Gov. Jared Polis speaks at a news conference Jan. 10, 2022, to unveil Democrats’ legislative agenda. An American Sign Language interpreter stands at right. From left, Senate President Leroy Garcia, House Majority Leader Daneya Esgar, Senate Majority Leader Steve Fenberg, Lt. Gov. Dianne Primavera and House Speaker Alec Garnett stand on the steps behind Polis. (Faith Miller/Colorado Newsline)
Colorado Democrats — who control the state Senate, House of Representatives and governor’s office — unveiled their election-year legislative platform during a Monday press conference.
Democrats hear Coloradans’ concerns about the rising cost of living and “have a plan to make it easier to get by,” House Speaker Alec Garnett said on the steps of the Colorado Capitol.
Gov. Jared Polis’ budget request, submitted in November, included $104 million in fee relief for individuals and businesses. If approved by the Joint Budget Committee and the Colorado General Assembly, the money would cover fees to start a business and health care workers’ professional license fees. It would also reduce the premiums paid by employers and employees in the first six months of a paid family and medical leave program that voters approved in 2020.
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An amendment submitted Jan. 3 to the governor’s original budget request would provide additional fee relief for vehicle owners. The money would allow the state to delay implementing a gas fee included in Senate Bill 21-260, the transportation package that passed last year, as well as extend SB-260’s temporary reduction of vehicle registration fees.
Additionally, Polis has proposed using $600 million in state and federal money to replenish some of the state’s COVID-battered unemployment insurance trust fund, and help small businesses pay the higher premiums resulting from the fund’s insolvency.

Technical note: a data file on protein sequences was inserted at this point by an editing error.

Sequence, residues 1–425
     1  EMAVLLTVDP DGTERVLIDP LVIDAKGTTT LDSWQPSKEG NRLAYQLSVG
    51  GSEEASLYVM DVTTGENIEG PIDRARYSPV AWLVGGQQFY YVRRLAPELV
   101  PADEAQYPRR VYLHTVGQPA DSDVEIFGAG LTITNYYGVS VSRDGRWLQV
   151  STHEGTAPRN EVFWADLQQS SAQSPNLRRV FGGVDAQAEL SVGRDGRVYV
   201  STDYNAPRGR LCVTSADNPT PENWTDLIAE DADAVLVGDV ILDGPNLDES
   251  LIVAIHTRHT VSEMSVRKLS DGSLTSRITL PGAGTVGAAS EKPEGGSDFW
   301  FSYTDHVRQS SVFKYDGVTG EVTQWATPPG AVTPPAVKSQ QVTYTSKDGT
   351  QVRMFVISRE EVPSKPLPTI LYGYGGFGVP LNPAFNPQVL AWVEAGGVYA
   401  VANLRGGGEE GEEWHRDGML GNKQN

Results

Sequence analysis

Besides the fee relief, Democrats say they want to pass state legislation expanding access to health care and reducing health care costs, reducing child care and housing costs, preparing students for success, and making communities safer.
Polis’ original budget proposal included funds for helping rural health care providers better use data and technology to improve patient care. The amended budget request would also direct state general fund dollars and federal matching funds to initiatives supporting the nursing home workforce and industry. This would include temporary payments to nursing home facilities that accept patients being discharged from hospitals.
As for public safety, Polis’ budget proposal includes grant funding for local law enforcement agencies to help them implement co-responder teams with behavioral health workers and fund community policing programs as well as grants to help train and recruit local police officers.
Democrats who spoke at Monday’s news conference highlighted the federal money that’s being directed toward affordable housing and behavioral health, two areas that Senate Majority Leader Steve Fenberg and House Majority Leader Daneya Esgar emphasized in an interview with Newsline last week. Two legislative task forces met over the summer and fall to develop recommendations on how to spend a combined $850 million on housing and behavioral health.
Democrats’ main talking points echoed some of what Colorado Republicans outlined in a legislative platform they released in August of 2021 — irking GOP officials. House Minority Leader Hugh McKean, who spoke with Newsline after Monday’s news conference, called the Democratic platform a “theft” of Republicans’ longtime priorities.
The GOP platform includes three main pillars, according to an August statement from the state Republican Party: “making Colorado affordable, prioritizing public safety, and expanding educational choice for families across our state.”
Asked about the similarities between the Republican and Democratic platforms, Polis said they pointed to potential opportunities for bipartisan collaboration.
But McKean was skeptical. His caucus wants to see new fees reversed, not just delayed, and more money going to the unemployment insurance trust fund, easing the burden on businesses.
“If you just delay all of these fees, you’re not making Colorado more affordable,” McKean said. “You’re trying to make yourself more electable.”
All state House districts and 17 Senate districts will hold elections in November. The offices of the governor, lieutenant governor, secretary of state, treasurer and attorney general are also up for election. Polis is running for reelection to a second term as governor.
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